A fundamental feature of wireless (duplex) bidirectional communication systems is the way to separate the transmitted and received signals. We almost always find that the standard either establishes alternating them in time intervals, with the device quickly switching between transmission and reception, or transmitting them in different frequency bands and separating them by means of radiofrequency filters.
For end-users, the difference can be imperceptible, since both options appear to be simultaneous. However, the supporting electronics and performance, when modern systems seek to stretch capacity to physical limits, are very different.
What is TDD – Time Division Duplex?
Today’s ubiquitous and universal Wi-Fi employs Time Division Duplex – TDD, i.e., the access point and terminals transmit on the same frequency but in different time slots. This provides significant flexibility for allocating available bandwidth in favor of the direction that requires more data, be it uplink (from the user to the network) or downlink (for the user to download data from the network). However, TDD also has some limitations, such as:
• Potential collisions in time.
• Loss in transmission efficiency due to the propagation time for packets in the air.
• The power delivered by the transmitter circuit is, on average, lower than its maximum power – since part of the time slot is allocated for receiving.
Mobile telephony has, so far, mostly operated in frequency division duplex – FDD. This implies that the base stations have frequency bands where only they transmit and user terminals receive, and vice versa.
Although FDD is considered the best strategy in principle for mobile networks, LTE/4G already has some bands for TDD, and its usage is expected to increase on 5G. The reason for using TDD in cellular networks is that the system is much better suited to another technology that will enable much improved network capacity, providing not just higher specific speeds but doing so simultaneously for multiple users. This technology is known as massive MIMO and can transmit multiple information flows at the same time and on the same radio frequency.
What is the MIMO?
So what is MIMO – multiple input and multiple output – system that we see so often in router and mobile phone brochures advertising 2×2 or 4×4 variations? Here’s a quick summary of the system’s physical principles.
The characterization of a propagation channel from a transmitting antenna to a receiver can be reduced to a single complex number with amplitude and phase that represents the transformation the signal undergoes due to distance and reflections on objects. If a Wi-Fi access point or a mobile telephone base station has m number of superior antennas (2, 4, 8, 20, 100, etc.), the propagation channel from each antenna to a mobile terminal user will be different. If the user terminal has n receiving antennas, or if we have n users in the coverage area, each of those channels, and mxn combinations, will be different.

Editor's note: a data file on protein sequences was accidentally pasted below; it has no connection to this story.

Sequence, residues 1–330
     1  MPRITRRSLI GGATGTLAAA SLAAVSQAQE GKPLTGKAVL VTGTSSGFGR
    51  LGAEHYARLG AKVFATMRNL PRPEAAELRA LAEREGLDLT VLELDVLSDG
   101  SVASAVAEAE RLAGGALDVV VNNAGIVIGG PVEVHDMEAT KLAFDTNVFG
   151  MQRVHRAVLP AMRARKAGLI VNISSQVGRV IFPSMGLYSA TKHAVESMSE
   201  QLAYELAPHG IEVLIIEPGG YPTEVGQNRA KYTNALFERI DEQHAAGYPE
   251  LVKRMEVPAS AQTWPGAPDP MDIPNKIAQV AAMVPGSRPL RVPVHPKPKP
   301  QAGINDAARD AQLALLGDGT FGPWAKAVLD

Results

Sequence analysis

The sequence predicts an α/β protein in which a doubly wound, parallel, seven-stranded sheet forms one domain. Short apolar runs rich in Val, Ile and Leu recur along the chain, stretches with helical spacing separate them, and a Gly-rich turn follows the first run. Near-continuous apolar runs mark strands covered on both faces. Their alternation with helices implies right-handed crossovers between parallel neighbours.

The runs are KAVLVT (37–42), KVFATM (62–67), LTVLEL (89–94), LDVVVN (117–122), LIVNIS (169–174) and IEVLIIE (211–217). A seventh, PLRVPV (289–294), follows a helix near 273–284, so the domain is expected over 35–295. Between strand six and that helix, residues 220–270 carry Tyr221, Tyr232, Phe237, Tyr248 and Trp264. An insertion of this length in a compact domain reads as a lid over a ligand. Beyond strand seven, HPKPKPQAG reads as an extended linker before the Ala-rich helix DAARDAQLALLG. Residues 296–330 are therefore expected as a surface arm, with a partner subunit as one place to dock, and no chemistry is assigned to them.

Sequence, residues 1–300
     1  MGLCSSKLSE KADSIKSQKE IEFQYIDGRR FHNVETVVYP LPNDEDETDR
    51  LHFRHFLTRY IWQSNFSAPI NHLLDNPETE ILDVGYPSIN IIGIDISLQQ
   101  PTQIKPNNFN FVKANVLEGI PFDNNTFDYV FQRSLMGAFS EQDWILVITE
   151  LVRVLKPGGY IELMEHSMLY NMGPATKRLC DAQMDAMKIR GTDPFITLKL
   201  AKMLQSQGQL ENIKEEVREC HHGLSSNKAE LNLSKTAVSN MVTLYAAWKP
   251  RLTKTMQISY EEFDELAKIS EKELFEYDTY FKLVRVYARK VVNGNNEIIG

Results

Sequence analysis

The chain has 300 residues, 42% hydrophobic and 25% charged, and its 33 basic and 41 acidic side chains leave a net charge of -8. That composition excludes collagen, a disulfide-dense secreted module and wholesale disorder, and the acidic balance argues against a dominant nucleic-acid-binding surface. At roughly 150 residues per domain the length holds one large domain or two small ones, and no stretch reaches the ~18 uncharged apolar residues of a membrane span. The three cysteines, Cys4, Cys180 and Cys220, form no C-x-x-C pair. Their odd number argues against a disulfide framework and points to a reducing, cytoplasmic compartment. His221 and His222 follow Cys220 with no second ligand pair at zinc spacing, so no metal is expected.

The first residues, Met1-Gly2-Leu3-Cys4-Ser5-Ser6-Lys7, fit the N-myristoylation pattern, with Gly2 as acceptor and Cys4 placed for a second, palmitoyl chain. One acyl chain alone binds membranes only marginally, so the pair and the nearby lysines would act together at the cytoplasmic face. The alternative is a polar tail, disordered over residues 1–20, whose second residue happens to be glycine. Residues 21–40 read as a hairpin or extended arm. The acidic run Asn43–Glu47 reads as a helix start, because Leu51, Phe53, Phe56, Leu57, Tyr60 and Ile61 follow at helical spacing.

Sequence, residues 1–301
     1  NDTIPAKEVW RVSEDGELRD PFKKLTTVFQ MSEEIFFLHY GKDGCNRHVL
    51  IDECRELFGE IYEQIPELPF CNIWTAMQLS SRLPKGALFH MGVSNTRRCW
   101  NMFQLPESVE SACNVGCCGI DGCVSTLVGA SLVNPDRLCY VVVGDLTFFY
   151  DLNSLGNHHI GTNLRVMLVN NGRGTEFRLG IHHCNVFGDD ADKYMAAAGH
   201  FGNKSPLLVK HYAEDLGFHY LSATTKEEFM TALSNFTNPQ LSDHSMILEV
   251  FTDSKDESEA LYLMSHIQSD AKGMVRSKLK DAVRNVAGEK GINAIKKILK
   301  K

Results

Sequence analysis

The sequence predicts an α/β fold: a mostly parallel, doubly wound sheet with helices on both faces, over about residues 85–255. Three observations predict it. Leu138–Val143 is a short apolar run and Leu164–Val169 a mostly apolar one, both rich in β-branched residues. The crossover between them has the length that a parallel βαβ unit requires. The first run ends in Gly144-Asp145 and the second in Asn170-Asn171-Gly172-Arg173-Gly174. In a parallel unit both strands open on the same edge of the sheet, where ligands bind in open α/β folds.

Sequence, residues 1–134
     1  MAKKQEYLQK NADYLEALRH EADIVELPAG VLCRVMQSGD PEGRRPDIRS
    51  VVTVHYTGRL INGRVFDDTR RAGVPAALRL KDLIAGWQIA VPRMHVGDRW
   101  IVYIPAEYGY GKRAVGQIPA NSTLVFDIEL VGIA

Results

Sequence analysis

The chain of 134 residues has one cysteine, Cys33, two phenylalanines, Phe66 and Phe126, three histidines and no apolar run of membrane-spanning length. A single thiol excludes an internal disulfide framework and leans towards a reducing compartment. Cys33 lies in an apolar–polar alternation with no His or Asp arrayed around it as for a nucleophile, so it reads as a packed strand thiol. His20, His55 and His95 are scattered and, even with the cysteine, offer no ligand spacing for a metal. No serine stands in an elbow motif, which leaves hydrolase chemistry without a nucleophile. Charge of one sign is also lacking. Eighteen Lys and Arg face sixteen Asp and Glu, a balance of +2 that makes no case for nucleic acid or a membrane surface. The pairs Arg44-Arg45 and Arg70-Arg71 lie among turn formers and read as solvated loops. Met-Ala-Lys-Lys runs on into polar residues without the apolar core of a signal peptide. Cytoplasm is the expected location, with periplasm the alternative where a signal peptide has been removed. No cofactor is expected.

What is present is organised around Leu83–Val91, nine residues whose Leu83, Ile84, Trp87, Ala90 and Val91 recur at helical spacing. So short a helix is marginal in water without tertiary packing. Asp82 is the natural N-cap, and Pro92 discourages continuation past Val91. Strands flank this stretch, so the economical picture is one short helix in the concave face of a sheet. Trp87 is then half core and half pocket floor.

Now, would there be any point in each antenna transmitting different information if their signals get mixed up in the air and we end up with a hodgepodge in the receiving antennas? – sort of like listening to lots of people all talking at once. That hodgepodge is the result of multiplying an m vector by an mxn matrix and recovering the multiple originally different signals (each contributing megabits of information per second), and then solving these equations by inverting the matrix (several algorithms are used in practice, but the example of inverting the matrix is a good intuitive approach).
In order to make this work, you need to know the matrix coefficients, which in the case of MIMO communications are called “channel status information” or CSI. Knowing and solving these matrix elements is far more practical when most of the work is done by the base station, which can be a much larger, more expensive, heavy and energy-efficient device than a small battery-powered mobile phone.
However, for this, the upstream channel needs to be the same as the downstream channel (or at least it greatly simplifies the work by being). That is, they should both be on the same frequency, which explains why operators and device manufacturers are so interested in using TDD in cellular networks – something unthinkable until only recently.
In short, two things are for sure: Firstly, that TDD and “massive MIMO” will dramatically enhance 5G cellular network capabilities; and, secondly, that a course in algebra has important applications.